We love to compare debates to prize fights, especially in the news industry. In the days leading up to the debate, in the days following it, and live during the actual event, those of us in cable news will be talking about who hit the hardest, which punches landed, which punches missed, who was able to slip jabs, who had the best strategy, and who executed. Then we'll raise the imaginary hand of the winner. Ding. Ding. Ding.
But here's the thing: Most debates aren't boxing matches. Romney won last week when President Obama failed to come out of his corner, uttering "No Mas" before the match even started. We didn't see haymakers and body shots from the president; we saw feints and daydreaming. Now, with Vice President Joe Biden and Rep. Paul Ryan toe-to-toe, I'm supposed to get excited for them to slug it out?
I'm not holding my breath.
Usually, debates resemble middle school dances more than championship bouts. The debaters exchange idle chatter, trying to avoid humiliating themselves. They stand across from each other, unsure of when it's OK make eye contact, and when it gets "weird." Awkward posture(ing) abounds. You can just tell everyone has too much cologne on. God forbid a slow song comes on, and they have to go toe-to-toe for a few tense minutes (leaving room for Jesus, of course)—they spend that time worrying more about what their friends think than they do about the person in arms' reach. When it's over, each person will try to convince us he or she was totally killing it out there.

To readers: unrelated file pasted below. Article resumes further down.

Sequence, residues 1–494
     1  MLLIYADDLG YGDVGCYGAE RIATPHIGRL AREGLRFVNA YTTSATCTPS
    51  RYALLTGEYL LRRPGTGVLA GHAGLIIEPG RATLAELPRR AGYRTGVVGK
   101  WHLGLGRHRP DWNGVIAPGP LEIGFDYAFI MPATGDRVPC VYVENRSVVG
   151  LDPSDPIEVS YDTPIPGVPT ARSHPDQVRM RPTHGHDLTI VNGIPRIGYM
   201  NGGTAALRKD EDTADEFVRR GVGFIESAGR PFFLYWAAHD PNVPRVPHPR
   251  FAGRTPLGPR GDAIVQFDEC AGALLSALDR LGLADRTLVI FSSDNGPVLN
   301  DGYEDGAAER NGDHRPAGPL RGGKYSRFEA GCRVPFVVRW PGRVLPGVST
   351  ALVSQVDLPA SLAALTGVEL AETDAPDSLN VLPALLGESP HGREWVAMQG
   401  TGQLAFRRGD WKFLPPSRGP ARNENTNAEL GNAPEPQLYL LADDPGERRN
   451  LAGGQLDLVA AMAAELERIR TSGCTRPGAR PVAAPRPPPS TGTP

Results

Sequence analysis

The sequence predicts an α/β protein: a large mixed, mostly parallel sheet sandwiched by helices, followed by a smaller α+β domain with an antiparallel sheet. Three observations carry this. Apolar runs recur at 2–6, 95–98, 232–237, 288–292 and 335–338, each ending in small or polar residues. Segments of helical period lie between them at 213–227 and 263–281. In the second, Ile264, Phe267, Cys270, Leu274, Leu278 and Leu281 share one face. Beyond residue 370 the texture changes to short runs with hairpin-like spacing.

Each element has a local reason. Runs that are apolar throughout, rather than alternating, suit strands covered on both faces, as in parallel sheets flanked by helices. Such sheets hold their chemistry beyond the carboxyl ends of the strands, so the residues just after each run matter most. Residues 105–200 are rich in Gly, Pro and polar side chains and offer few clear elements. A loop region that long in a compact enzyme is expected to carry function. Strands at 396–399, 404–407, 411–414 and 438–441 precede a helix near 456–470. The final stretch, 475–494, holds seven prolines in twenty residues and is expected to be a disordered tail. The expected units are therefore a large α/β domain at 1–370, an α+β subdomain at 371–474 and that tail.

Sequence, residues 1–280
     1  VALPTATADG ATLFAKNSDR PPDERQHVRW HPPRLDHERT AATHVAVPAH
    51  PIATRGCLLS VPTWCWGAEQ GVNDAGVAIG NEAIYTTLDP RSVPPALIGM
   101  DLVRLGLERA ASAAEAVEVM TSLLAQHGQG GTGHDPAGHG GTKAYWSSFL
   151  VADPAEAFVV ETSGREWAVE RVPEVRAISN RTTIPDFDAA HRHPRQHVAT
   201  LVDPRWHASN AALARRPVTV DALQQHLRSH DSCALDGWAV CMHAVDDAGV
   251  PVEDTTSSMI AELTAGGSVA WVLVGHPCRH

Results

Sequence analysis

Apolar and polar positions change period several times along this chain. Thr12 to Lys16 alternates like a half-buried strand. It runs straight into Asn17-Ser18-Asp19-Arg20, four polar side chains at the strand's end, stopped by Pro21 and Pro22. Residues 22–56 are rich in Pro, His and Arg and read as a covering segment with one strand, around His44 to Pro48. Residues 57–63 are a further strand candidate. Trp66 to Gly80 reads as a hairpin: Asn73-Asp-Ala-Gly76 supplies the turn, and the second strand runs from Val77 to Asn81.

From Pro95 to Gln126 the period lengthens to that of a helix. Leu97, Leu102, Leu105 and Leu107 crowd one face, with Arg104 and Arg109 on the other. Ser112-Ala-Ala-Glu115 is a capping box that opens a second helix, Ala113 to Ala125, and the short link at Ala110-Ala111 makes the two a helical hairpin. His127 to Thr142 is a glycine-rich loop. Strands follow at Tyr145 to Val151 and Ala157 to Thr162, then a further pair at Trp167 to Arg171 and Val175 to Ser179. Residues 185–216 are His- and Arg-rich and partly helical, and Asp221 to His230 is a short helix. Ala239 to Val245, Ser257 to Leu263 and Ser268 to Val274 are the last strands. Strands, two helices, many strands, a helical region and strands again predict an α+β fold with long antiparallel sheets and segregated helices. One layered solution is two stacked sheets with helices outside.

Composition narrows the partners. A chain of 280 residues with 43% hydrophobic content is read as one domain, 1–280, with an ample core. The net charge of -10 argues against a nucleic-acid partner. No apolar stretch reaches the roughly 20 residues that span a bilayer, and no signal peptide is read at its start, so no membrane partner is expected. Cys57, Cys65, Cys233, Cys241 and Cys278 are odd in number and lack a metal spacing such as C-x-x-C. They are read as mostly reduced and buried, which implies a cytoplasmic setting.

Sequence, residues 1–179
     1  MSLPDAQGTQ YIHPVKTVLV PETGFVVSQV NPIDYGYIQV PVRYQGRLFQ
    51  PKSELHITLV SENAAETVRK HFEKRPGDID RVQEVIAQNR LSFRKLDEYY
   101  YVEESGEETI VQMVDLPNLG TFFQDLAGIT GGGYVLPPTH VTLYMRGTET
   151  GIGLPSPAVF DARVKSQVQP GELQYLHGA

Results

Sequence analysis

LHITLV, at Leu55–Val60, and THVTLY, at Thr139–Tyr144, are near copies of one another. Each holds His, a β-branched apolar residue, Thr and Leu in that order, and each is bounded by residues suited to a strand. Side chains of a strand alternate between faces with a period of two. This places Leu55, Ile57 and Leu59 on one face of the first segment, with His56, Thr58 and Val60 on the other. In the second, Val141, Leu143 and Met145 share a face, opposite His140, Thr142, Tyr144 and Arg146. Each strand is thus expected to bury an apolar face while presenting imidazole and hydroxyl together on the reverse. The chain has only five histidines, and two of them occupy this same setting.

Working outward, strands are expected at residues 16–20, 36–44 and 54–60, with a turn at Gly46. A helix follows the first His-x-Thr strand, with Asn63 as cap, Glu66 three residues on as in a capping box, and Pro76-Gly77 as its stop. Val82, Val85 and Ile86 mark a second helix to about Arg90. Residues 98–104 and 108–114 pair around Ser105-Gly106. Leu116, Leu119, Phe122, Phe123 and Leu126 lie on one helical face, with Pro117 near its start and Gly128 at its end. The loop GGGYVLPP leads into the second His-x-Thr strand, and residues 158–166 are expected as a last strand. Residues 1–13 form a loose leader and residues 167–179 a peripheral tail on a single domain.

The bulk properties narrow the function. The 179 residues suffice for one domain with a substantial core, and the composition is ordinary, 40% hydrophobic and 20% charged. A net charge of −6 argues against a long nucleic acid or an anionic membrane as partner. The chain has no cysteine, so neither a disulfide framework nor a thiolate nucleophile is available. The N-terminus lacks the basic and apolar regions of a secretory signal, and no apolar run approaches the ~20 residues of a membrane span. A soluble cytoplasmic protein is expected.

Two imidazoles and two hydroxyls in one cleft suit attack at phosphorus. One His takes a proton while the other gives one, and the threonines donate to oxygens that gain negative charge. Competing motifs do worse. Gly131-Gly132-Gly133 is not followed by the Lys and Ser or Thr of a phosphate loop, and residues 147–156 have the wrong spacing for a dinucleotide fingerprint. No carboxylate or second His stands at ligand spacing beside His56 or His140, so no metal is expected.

That's what we're going to see: A middle school dance. The music will be dreadful, and the handshakes will be sweaty. Joe Biden will play the hard-charging chaperone, frantically trying to protect his school's honor.
And Paul Ryan will come out with his hair combed, looking like he's wearing one of his daddy's old suits.
And every time they get close to each other, we—the tweeting peanut gallery—will go bananas whispering sweet (snarky) nothings @ each other.
God, I hope they play some Coolio.